If you were terminated by a former employer and you’re on a job interview, listen up.
There are a few things to keep in mind so you don’t sugar coat and instead, just focus on the facts.
Our friends at AOL Jobs pointed some pointers so you can properly address the issue and move on. Ever upward!
1. Be honest. If you were terminated and it wasn’t due to a downsizing, you can simply mention it. Less is more — you don’t need to reveal specifics but you should be cognizant about the words you choose. The piece suggests, “Describe your situation truthfully, but in a way that is as favorable to you as possible.”
2. Be brief. This applies to other areas of your interview as well but regarding this topic, be succinct. It’s in your best interest to use as few words as possible and to say them with conviction. Watch your body language, too. Don’t fidget and simply sit still and say it with confidence. Then move on.
3. Do not badmouth your previous employer. Considering your concise response, there’s no need nor word count to trash talk your former employer. Stay positive and be aware you may be earning points by the interviewer for not leveraging the opportunity to dish.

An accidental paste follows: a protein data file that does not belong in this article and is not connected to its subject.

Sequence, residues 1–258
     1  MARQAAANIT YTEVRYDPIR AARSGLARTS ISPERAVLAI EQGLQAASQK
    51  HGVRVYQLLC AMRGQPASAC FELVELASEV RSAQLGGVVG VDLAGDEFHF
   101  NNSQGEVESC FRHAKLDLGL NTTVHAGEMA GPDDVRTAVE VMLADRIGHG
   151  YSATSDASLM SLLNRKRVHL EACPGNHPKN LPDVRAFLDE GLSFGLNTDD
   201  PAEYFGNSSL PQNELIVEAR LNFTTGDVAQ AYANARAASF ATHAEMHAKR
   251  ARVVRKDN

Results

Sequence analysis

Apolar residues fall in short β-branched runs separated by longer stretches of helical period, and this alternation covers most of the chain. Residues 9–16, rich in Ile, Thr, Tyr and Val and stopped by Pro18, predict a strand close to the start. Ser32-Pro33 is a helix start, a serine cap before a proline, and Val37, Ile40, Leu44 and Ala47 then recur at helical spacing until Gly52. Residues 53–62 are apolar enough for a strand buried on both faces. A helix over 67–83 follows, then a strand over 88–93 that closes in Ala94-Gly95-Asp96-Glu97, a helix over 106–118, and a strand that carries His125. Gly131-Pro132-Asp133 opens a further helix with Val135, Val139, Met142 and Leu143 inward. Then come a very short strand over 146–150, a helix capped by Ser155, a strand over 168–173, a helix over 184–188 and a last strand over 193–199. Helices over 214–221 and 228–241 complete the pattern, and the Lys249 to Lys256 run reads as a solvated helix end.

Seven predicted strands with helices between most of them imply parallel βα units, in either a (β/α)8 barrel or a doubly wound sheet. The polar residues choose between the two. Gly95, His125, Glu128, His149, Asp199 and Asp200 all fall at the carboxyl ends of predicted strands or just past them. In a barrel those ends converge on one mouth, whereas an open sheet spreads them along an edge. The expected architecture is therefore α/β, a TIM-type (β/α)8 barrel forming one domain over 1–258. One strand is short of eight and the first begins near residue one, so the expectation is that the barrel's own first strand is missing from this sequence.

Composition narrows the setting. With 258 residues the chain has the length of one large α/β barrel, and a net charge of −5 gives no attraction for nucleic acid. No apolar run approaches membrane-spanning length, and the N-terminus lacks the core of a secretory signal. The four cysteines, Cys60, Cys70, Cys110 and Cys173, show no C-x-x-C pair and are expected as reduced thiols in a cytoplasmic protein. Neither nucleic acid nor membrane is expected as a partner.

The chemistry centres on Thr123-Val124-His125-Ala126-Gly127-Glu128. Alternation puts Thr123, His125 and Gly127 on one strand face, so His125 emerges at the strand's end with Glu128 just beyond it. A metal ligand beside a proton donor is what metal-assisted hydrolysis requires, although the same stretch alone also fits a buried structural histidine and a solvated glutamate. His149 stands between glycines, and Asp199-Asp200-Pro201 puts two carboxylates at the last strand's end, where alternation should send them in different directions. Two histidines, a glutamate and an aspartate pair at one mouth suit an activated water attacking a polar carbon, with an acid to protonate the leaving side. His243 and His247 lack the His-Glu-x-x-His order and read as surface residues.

4. Do not sound bitter. Leave the bitterness for your friends, family and oh yes, your therapist but on the interview itself, remain upbeat. If you’re the interviewer, you would want to evaluate a candidate based on their ability to bounce back, right?
5. Describe what you learned. This is where the part about being succinct really comes into play. Address the fact that you were terminated and then focus on the positive aspects. What did you learn? How will you approach similar situations differently down the road?
The piece adds, “Be as positive as you can be and you can help turn the question of being fired to an opportunity to showcase one of your assets: you know how to learn from mistakes.”